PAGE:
Lgbt Pride Month: TCM Showcases Gay and Lesbian Actors and Directors

Considering everything that's been happening on the planet in the last several months, you'd have thought we're already in November or December – of 2117. But no. It's only June. 2017. And in some parts of the world, that's the month of brides, fathers, graduates, gays, and climate change denial. Beginning this evening, Thursday, June 1, Turner Classic Movies will be focusing on one of these June groups: Lgbt people, specifically those in the American film industry. Following the presentation of about 10 movies featuring Frank Morgan, who would have turned 127 years old today, TCM will set its cinematic sights on the likes of William Haines, James Whale, George Cukor, Mitchell Leisen, Dorothy Arzner, Patsy Kelly, and Ramon Novarro. In addition to, whether or not intentionally, Claudette Colbert, Colin Clive, Katharine Hepburn, Douglass Montgomery (a.k.a. Kent Douglass), Marjorie Main, and Billie Burke, among others. But this is ridiculous! Why should TCM present a
See full article at Alt Film Guide »

Marlene Dietrich Retrospective Screening at the Metrograph in NYC

Marlene Dietrich in “Shanghai Express”: mptvimages.com/IMDb

If you’re a fan of actress, camp icon, and anti-fascist Marlene Dietrich or want to learn more about her, you’re in luck. The Metrograph theater in New York City is hosting “Marlene,” a retrospective featuring 19 of Dietrich’s films. The festivities kicked off May 23 and will continue until July 8.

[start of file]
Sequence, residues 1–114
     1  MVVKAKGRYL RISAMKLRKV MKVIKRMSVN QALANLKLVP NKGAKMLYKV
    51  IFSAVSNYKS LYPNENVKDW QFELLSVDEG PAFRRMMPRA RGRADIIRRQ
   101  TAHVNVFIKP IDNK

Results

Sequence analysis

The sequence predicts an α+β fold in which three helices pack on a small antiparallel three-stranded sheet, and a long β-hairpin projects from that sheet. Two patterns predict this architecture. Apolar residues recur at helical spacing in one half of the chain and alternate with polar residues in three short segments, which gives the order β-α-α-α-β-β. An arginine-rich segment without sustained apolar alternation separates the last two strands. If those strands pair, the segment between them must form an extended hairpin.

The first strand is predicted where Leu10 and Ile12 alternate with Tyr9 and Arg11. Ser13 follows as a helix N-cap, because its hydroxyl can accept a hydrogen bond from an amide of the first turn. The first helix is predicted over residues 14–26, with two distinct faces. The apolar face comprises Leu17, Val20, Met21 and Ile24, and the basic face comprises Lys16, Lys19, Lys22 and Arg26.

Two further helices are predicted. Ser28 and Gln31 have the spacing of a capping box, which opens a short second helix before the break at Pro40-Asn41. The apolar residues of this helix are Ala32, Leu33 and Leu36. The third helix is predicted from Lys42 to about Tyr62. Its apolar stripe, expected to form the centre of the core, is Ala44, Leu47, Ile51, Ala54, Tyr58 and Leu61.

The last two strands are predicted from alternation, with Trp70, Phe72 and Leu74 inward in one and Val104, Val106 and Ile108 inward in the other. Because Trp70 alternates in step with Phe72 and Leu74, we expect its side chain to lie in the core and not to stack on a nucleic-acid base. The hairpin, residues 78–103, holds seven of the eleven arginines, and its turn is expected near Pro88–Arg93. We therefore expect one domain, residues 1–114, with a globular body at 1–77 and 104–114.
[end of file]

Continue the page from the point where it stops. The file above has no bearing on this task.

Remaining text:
Marie Magdalene “Marlene” Dietrich was born in Berlin in 1901. Dietrich began her career as a vaudeville performer in Weimar Germany. She moved to Hollywood and eventually became a revered film actress, “bisexual sex symbol, willful camp icon, [and] paragon of feminine glamour” — “comfortable in top hat and tails, ballgown, or gorilla suit.” But the actress did not forget about what was happening back home in Germany; Dietrich became involved in the fight against fascism during WWII. She “used her likeness to fundraise for Jewish refugees escaping Nazi Germany and performed on Uso tours, earning her the Metal of Freedom and Légion d’honneur by the French government,” the press release details. Dietrich died in 1992 at the age of 90.